The classic UNKLE Reconstruction Mix of "No One Knows" appears mid way through and shines with it's soaring beats and distorted riffs, but the best is saved until last with "Born To Hula" and "The Bronze" - two tracks which appeared on the Man's Ruin Split EP and Beaver Split EP respectively. "Born To Hula" is awesome and is worth the price of the CD alone. Classic Stone Age riffage, Homme's disturbed wail, and his trademark desert scorched solos are the order of the day - but just as you think the track is winding up the band launch into a three minute instrumental pummelling that leaves you thoroughly thrilled! "The Bronze" is QOTSA in their strange mode, again a howling riff from Homme's fret board provides the entertainment here.
It's a great EP, plus any self respecting QOTSA fan will know that Nick Olivieri's playing features on this EP and being as it is very unlikely he and Homme will play together under the QOTSA name again this is a piece of history you really must own.

Price: £4.49

9 of 10 people found the following review helpful
5.0 out of 5 stars Just Brilliant, 12 May 2004
This review is from: Endtroducing..... (Audio CD)
Without question the best dance album ever produced. A modern day symphony of haunting samples and atmosphere set against a backdrop of enchanting melodies, raw beats and thundering basslines.
And within this 60 minutes of pure aural pleasure lies the most perfectly formed achingly beautiful 5 minutes of music ever produced. In "Midnight In a Perfect World" DJ Shadow has composed a song to live by - I can't even begin to try and describe how perfect this track is.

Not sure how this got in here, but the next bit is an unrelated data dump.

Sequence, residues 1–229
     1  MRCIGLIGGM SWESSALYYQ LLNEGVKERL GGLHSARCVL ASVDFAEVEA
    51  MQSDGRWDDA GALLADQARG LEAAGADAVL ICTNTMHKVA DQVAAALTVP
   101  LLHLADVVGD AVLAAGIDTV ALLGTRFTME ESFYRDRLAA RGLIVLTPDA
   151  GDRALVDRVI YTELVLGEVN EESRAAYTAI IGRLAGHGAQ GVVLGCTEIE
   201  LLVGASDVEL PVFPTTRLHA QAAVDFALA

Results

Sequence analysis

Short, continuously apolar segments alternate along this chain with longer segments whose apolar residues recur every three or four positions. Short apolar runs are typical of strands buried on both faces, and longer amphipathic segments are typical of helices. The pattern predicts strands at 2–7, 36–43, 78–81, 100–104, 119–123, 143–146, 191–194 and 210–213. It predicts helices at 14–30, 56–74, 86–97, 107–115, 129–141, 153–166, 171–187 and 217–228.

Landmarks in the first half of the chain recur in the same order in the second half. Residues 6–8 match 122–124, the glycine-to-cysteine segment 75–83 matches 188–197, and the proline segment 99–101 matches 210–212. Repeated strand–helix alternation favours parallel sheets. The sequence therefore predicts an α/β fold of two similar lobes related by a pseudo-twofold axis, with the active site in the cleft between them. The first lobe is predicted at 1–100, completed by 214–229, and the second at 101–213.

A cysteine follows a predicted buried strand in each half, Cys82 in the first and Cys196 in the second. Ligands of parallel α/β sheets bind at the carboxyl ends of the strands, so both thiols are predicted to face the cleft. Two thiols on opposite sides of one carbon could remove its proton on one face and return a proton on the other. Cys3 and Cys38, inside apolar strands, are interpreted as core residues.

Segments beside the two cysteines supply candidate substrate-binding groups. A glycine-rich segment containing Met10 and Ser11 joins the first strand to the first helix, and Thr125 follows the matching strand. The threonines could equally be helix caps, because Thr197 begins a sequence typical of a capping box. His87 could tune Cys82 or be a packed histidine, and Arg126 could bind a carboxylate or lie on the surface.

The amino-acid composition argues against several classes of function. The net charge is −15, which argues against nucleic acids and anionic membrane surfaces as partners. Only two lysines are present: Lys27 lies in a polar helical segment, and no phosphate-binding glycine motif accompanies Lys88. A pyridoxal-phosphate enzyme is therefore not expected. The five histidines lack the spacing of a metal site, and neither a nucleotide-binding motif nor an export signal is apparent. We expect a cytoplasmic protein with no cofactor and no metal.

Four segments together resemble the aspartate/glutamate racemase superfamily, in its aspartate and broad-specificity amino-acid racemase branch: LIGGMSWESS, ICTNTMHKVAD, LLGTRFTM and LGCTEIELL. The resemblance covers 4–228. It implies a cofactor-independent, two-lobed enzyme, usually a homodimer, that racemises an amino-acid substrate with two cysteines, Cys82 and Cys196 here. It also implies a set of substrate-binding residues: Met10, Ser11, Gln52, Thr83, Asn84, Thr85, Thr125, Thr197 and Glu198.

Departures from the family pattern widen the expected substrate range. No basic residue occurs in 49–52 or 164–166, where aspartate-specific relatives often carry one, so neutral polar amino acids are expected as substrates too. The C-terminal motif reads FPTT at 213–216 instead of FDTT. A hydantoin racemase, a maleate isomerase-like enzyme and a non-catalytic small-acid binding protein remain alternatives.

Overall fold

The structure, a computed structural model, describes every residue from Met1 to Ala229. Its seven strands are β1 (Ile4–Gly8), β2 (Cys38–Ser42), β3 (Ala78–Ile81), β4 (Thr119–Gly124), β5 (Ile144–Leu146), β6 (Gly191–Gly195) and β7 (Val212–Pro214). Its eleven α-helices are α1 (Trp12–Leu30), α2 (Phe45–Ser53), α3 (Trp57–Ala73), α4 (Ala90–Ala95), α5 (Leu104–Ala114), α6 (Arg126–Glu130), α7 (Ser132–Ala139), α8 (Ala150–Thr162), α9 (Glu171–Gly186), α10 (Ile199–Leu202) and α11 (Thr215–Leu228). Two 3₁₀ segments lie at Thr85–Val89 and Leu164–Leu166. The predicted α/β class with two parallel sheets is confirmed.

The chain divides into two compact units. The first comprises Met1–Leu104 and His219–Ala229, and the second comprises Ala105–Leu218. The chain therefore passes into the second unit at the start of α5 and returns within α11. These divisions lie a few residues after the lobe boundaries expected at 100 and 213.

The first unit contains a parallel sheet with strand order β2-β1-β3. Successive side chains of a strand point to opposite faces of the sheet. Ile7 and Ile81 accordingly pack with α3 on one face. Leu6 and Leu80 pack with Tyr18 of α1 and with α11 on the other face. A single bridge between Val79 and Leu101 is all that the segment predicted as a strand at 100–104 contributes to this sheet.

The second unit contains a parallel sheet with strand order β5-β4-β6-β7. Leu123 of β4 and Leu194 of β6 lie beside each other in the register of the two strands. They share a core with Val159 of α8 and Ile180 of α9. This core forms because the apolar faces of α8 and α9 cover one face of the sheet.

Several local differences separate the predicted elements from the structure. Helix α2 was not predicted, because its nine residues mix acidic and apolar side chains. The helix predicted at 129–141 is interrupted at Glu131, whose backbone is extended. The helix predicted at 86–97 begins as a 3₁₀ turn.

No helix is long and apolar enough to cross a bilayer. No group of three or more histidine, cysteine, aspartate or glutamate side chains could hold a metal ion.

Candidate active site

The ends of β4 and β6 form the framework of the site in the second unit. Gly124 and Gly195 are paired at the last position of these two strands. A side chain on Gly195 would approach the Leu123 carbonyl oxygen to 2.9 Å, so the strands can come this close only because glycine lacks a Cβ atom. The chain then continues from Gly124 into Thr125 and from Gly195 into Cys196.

The great thing about Entroducing though is the simple fact that each of the other 15 tracks is right up there with it.
A stunning achievement.

Be Here Now
Be Here Now
Offered by best_value_entertainment
Price: £3.54

4 of 8 people found the following review helpful
2.0 out of 5 stars The Album of 2 good songs....., 8 April 2004
This review is from: Be Here Now (Audio CD)
Be Here Now is a bit of an enigma in how it is perceived - hated by the critics loved by the fans. I'm afraid I have to go with the critics on this one.
But that's not to say that there are not breathtaking highlights on this album. For me "D'You Know What I Mean" and "Fade In/Out" are two of the greatest Oasis songs ever written by Noel, both of them powerful, full of passion and emotion as all good rock songs should be.
Sadly it is the over-production and frankly the length of each track which tires the listener long before the 12 minute disaster of "All Around The World". What happened to the Oasis ethos of writing simple catchy anthems on Be Here Now? Each track starts brilliantly but by the sixth minute of the same obliterating wall of sound which each track has (even the delicate "Don't Go Away" is enough to make the ears bleed) you may find yourself reaching for the "skip" button.